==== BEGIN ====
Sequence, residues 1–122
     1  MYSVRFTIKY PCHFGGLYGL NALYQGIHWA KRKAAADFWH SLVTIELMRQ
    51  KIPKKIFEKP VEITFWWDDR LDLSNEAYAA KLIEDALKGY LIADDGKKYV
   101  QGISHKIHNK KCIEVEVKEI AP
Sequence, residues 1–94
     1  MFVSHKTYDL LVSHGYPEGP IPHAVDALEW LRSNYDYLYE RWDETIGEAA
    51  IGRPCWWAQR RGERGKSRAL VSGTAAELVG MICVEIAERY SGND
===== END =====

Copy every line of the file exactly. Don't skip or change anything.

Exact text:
Sequence, residues 1–122
     1  MYSVRFTIKY PCHFGGLYGL NALYQGIHWA KRKAAADFWH SLVTIELMRQ
    51  KIPKKIFEKP VEITFWWDDR LDLSNEAYAA KLIEDALKGY LIADDGKKYV
   101  QGISHKIHNK KCIEVEVKEI AP
Sequence, residues 1–94
     1  MFVSHKTYDL LVSHGYPEGP IPHAVDALEW LRSNYDYLYE RWDETIGEAA
    51  IGRPCWWAQR RGERGKSRAL VSGTAAELVG MICVEIAERY SGND